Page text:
- Update: the full ZTE Axon review will be published Monday, ahead of the unlocked phone’s July 28 release date.
ZTE isn’t just backing championship NBA teams in the US, it’s also backing a high-end phone dubbed the Axon.
This Android 5.0 Lollipop handset, teased for a month with mysterious marketing campaign, is part of the Chinese manufacturer’s “plan to define an affordable premium handset.”
“Affordable” and “premium” are typically polar opposites in the world of smartphones, but ZTE is striving to make an inexpensive metal phablet that has a 5.5-inch display.
It costs less than many of today’s Android flagships, and we got a chance to test out its specs and design before it’s delivered to its unlocked customers later this month.
ZTE did a solid job at ensuring the Axon didn’t leak ahead of this month’s announcement. That doesn’t mean the phone is conceptual or far off, however.
The official Axon release date is late July, with retailers promising to deliver by July 28. Pre-orders began on July 14 on sites like Amazon, eBay and Newegg.
Don’t expect this particular ZTE handset to show up in carrier stores like AT&T, Verizon, Sprint and T-Mobile. It’s an unlocked 4G LTE phone without US carrier subsidies. Word of mouth is how this phone is going to sell itself.
ZTE Axon costs $449.98, which is unsurprisingly lower than most high-end flagship phones that the company is trying to live up to.
ZTE Axon’s price is sandwiched in between these high-end rivals that are often deceivingly priced with smaller upfront costs but higher monthly plans, and low-end unlocked plastic handsets like the Alcatel OneTouch Idol 3, Asus Zenfone 2 and OnePlus One.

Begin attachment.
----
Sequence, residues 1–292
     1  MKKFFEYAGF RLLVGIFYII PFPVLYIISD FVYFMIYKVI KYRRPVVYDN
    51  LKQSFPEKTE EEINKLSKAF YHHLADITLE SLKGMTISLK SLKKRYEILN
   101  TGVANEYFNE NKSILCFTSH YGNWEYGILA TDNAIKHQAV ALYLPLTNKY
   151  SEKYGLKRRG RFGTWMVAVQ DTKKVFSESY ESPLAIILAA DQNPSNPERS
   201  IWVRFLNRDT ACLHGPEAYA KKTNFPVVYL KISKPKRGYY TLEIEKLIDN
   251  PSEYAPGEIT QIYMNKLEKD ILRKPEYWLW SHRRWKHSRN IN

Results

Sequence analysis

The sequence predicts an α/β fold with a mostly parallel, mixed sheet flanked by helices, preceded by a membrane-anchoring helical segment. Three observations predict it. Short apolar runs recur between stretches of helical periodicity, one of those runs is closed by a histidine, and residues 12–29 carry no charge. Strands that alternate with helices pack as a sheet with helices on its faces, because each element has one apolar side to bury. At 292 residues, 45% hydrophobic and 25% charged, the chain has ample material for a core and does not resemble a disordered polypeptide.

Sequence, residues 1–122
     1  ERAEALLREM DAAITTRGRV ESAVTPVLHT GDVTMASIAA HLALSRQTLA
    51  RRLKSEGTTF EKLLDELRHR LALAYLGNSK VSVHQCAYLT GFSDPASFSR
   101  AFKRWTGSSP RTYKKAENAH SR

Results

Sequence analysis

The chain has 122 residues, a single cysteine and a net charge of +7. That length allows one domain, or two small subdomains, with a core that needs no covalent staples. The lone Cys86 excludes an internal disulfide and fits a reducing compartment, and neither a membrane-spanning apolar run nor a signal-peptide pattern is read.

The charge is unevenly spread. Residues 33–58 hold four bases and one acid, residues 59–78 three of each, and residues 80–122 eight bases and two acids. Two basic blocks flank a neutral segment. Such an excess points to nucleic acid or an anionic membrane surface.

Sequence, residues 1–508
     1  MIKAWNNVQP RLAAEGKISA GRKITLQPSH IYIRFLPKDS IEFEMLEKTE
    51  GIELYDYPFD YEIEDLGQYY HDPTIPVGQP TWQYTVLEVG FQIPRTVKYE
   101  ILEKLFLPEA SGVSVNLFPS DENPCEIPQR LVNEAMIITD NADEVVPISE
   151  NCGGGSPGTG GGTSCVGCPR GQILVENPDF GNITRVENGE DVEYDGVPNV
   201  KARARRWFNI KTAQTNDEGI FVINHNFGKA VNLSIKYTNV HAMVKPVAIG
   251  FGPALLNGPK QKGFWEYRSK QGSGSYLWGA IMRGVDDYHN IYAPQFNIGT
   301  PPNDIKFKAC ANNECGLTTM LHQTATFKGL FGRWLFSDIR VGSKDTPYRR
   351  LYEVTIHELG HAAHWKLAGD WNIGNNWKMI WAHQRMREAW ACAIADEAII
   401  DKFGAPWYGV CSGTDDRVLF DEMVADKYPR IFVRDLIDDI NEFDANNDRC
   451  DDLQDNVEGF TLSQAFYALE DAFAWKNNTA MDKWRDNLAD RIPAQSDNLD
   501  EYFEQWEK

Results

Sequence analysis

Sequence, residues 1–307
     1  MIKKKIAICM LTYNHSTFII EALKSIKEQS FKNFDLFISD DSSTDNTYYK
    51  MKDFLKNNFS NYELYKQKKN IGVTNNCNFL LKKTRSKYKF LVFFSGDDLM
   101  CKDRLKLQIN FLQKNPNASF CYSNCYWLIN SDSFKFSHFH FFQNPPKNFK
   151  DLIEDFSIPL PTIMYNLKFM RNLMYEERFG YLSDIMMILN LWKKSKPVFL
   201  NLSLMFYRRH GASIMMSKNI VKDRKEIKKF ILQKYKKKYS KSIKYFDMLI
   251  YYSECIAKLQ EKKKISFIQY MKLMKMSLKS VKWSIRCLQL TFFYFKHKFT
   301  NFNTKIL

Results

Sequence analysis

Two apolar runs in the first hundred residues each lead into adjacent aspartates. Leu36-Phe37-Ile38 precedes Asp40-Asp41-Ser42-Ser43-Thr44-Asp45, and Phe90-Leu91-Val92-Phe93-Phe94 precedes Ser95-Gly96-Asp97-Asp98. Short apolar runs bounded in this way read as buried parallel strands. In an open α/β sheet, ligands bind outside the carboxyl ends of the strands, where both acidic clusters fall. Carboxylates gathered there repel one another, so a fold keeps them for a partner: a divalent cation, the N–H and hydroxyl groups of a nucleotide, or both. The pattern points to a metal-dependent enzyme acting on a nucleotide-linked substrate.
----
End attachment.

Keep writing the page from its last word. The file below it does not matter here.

Specs and performance
The ZTE Axon specs seems to back up the company’s intentions of delivering a premium device at an affordable price, though I’ll wait for proper benchmarking in a final review on Monday.
It boasts a 5.5-inch LCD display with a quad HD resolution of 2560 x 1440 and 534 pixels per inch. That’s the same size and resolution as the LG G4, though the LCD tech behind them is slightly different.
Axon’s performance is unlikely to be hindered by its memory thanks to a high-ceiling 4GB RAM, like the Asus Zenfone 2. It also has 32GB of storage space, but no microSD card slot.
This isn’t the world’s thinnest smartphone, with the official ZTE Axon dimensions at 6.06″ x 2.9″ x 0.37″ (154 x 75 x 9.3mm).
It feels solid in the hand with a weight of 6.10 oz (175 g). Some people prefer a weightier phone (read: HTC owners), and that’s exactly what you get thanks to the aluminum design.
The phone, with a non-removable back, comes in three colors: Chromium Silver, Ion Gold and Phthalo Blue. Even the blue has a bit of gold on the buttons and around the camera.
All phone manufacturers should focus on developing the best camera within their budget, and that’s something the ZTE Axon promises.
It features a dual lens 13-megapixel camera in back, sort of like the HTC One M8. It lets you quick auto focus and has the ability to refocus later on in post. Shooting 4K video is also possible.
The front-facing “selfie” camera is two megapixels and shoots 1080p video. I’ll update this review with a complete camera test and performance benchmarks closer to the ZTE Axon release date.
AT&T, T-Mobile compatible
When the ZTE Axon launch happens, you should be able to simply plug in your AT&T or T-Mobile nano SIM card into the phone and be up and running.
It’s a GSM smartphone with 4G LTE bands, so isn’t compatible with Verizon and Sprint’s CDMA networks. Luckily, one of T-Mobile’s latest deals will pay your early termination fee from another carrier if you switch.
Bonus: If you order the phone right now, ZTE is throwing in JBL E13 headphones for free.
The ZTE Axon takes cues from several higher-end phones: LG G4’s 5.5-inch display, Asus Zenfone 2’s 4GB of RAM and an iPhone-like aluminum design complete with classy tones. It also has a quad HD display like half of the phablets out there.
The price is what puts the Axon phone in an interesting place. At $449.98, it costs much less than these flagships, yet it’s more expensive than other unlocked phones – which are usually made of plastic.
That begs the question: Are you interested enough in a new phone to pay up for a metal body and solid specs, yet not willing to fork over any more for a name-brand device from Apple or Samsung? This review will be updated to make answering that all-important question even easier on Monday.
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